Americans' Trust In The Military Has Dropped: Poll

Public confidence in the U.S. military has declined to the lowest level in two decades, according to a recent survey by the Gallup Poll.

Americans are now less likely to express “a great deal” or “quite a lot” of confidence in the U.S. military, with a noticeable decline that has persisted for the past five years.

The latest numbers are from a Gallup poll conducted in June. The poll also found that trust in many American public institutions dropped.

Americans’ confidence in the military is confined to among 60 percent of the respondents, the poll shows. The last time it reached such a low level in 1997, and it hasn’t been lower since 1988.

From the late 1970s to the early 1980s, during the Cold War and amid threats to U.S. power, including the Iran hostage crisis, between 50 and 58 percent of Americans were confident in the military.

Confidence generally improved during Ronald Reagan’s presidency in the 1980s. It then surged after the Gulf War victory to a record-high of 85 percent in 1991 and again after the 9/11 terrorist attacks.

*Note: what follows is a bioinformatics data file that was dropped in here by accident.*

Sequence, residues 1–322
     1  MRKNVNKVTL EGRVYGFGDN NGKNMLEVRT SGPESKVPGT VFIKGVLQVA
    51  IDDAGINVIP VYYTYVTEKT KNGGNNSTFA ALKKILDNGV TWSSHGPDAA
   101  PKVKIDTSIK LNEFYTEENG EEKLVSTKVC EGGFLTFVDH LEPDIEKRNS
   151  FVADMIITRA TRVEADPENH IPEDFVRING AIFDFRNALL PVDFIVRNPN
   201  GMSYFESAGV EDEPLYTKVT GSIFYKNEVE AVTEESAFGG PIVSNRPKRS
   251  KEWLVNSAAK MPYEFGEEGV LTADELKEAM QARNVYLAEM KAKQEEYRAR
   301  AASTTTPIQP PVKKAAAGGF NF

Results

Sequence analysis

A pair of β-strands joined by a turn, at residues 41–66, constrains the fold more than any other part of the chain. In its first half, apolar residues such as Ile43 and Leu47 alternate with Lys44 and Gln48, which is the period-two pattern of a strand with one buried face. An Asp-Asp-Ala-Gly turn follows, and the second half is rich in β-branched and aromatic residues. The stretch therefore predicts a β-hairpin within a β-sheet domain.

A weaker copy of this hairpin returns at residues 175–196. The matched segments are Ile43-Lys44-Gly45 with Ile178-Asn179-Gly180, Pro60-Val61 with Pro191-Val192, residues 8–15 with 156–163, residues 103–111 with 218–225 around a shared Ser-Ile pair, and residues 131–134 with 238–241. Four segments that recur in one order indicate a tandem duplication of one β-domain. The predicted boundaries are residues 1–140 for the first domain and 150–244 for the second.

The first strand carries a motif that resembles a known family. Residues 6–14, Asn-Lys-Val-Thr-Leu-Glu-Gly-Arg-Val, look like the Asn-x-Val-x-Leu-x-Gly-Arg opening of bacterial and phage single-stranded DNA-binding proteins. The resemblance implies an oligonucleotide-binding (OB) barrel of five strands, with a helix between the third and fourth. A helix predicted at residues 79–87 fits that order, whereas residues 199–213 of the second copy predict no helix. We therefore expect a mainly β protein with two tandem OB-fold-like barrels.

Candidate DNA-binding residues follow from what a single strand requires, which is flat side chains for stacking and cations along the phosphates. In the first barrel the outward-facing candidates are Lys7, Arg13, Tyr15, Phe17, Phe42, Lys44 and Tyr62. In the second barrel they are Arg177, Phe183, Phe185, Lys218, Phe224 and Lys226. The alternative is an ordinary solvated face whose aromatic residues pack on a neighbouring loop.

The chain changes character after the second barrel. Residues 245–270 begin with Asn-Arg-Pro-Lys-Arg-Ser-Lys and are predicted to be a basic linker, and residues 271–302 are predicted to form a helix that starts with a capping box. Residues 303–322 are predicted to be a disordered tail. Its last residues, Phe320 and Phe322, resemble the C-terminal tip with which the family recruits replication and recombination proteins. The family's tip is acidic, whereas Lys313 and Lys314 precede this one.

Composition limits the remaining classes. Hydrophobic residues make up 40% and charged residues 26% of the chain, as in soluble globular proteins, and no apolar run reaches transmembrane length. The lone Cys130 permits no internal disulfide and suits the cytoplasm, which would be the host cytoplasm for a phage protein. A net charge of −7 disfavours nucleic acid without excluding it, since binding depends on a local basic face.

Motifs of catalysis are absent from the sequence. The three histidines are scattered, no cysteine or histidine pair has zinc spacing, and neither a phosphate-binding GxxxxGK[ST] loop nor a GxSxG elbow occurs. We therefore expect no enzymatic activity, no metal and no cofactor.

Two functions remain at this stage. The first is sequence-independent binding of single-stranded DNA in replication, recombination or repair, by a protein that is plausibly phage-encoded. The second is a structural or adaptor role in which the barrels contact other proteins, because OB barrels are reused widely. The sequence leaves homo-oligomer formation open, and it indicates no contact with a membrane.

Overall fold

Confidence generally held above 70 percent for the next two decades, until dipping to 69 percent in 2021 and declining further since then, following the withdrawal of U.S. forces from Afghanistan.

The news about the shift in sentiments towards the U.S. military was addressed by the Pentagon.

Admitting that Americans’ trust in the military has dropped, Pentagon Press Secretary Brig. Gen. Pat Ryder said DOD officials will do all they can to communicate to the American people about the positive good of the U.S. military.

When asked about the poll during a news conference, Gen. Ryder said the American people need to understand that “the U.S. military continues to be the best fighting organization in the history of the world.”

No DOD official takes the public’s trust for granted, Ryder said.

“We will continue to stay engaged with the public that we serve, and that our fellow citizens can have the facts when it comes to the military,” he told reporters. “So, we’re going to work hard and continue to maintain that trust.”

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